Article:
As will be apparent from the circuit diagram, the line voltage of an a.c. power source is reduced to a low voltage through transformers TR1 and TR2, the former being connected to two rectifiers RC1 and RC2 and the latter being connected to a rectifier RC3. The output d.c. power (A,B) from the rectifier RC1 is supplied to electric motors M2 and M3 for rotating the upper structure around the longitudinal and transverse axes, respectively, while the output d.c. power (C,D) from the rectifier RC2 is supplied to electric motors M1, M4, M5, and M6 for elevating and lowering the upper structure, vertical swinging of the back supporting frame 9 of the structure, and driving the right and left screw-threaded rods of the locking mechanisms, respectively. The output d.c. power from the rectifier RC3 connected to the transformer TR2 is used for the control circuits for all of the above described motors.

The a.c. power source, transformers TR1 and TR2, and the rectifiers RC1, RC2, and RC3 are all installed at positions separate from the operating table, such as on the wall of the operating room. The control circuitries other than those included in a remote control box RM indicated by a broken line in FIG. 18 is preferably installed on a stationary structure, such as the wall of the operating room.

According to an advantageous feature of the present invention, a flexible cable or a cord 72 led from a stationary structure to the moving part of the operating table is partly encased in a cord winding device as shown in FIGS. 17A and 17B.

The cord winding device comprises a housing 73 of a pan-shape with circular faces of a comparatively short axial depth, and a central shaft 74 extending axially through the housing 73. The housing 73 is provided with a tangentially disposed outlet 75. The part of the cord 72 encased in the housing 73 is wound around the central shaft 74 and is anchored at its inner end to the central shaft 74. The other end of the cord is led out through the outlet 75.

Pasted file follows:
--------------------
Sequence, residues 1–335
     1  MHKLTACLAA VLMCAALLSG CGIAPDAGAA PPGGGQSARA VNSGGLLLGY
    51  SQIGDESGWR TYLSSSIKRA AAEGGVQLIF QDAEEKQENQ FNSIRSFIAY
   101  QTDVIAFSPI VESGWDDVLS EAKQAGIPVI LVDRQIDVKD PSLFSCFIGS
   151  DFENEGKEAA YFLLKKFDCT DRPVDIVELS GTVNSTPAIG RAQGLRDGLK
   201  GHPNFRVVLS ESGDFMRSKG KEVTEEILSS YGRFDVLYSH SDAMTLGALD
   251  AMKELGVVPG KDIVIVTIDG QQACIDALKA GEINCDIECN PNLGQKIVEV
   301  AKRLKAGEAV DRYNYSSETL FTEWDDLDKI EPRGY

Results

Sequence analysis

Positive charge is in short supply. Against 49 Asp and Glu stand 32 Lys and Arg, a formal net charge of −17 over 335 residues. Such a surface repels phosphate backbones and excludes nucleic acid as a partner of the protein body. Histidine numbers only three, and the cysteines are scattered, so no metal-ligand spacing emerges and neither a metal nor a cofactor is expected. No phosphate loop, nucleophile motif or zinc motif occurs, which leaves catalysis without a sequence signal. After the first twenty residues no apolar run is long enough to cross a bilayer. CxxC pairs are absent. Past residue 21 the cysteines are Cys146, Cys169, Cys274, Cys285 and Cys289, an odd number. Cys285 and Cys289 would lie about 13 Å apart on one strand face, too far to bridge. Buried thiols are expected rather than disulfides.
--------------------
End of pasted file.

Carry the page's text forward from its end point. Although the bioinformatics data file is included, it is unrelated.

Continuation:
The housing 73 is installed outside of the columnar member 3 in a manner such that the circular faces of the housing 73 are disposed in parallel with the outer surface of the columnar member 3. FIG. 17A shows an operational state of the cord winding device, wherein the cord has been pulled out to the greatest extent, whereas FIG. 17B shows another operational state wherein the cord has been pushed back into the cord winding device as much as possible.

A cord winding device of the above described construction can wind up an electric cord of approximately 30 cm in length which is sufficient for covering the hoisting range of the hoisting mechanism in the example of the operating table.

Since the a.c. power source and the transformers TR1 and TR2, having parts energized at the line voltage, are installed separately from the operating table as described hereinbefore with reference to FIG. 18, and, furthermore, the motor circuits and the control circuits are all formed into two-line systems (having return lines), the possibility of creating dangerous leakage current can be substantially eliminated.

Furthermore, since the motor circuits and the control circuits are separated from each other by the provision of the separate transformers TR1 and TR2 and separate rectifiers RC1, RC2, and RC3, harmful fluctuations of voltage caused in the control circuit by variation in load of the motor circuits can be prevented.

The operating table of the above description is operated as follows.

(1) Mounting of the upper structure:-

A stretcher carrying an upper structure is brought into a predetermined position relative to the columnar member 3. At the predetermined position of the stretcher, a switch S2 is closed, thus operating a relay R1 and an auxiliary relay R1a simultaneously. Contact means R1-1, R1-2 of the relay R1 is thereby opened, and contact means R1-3, R1-4 of the same relay is closed, thus preparing for the operation of the hoisting motor M1 and locking motors M5 and M6.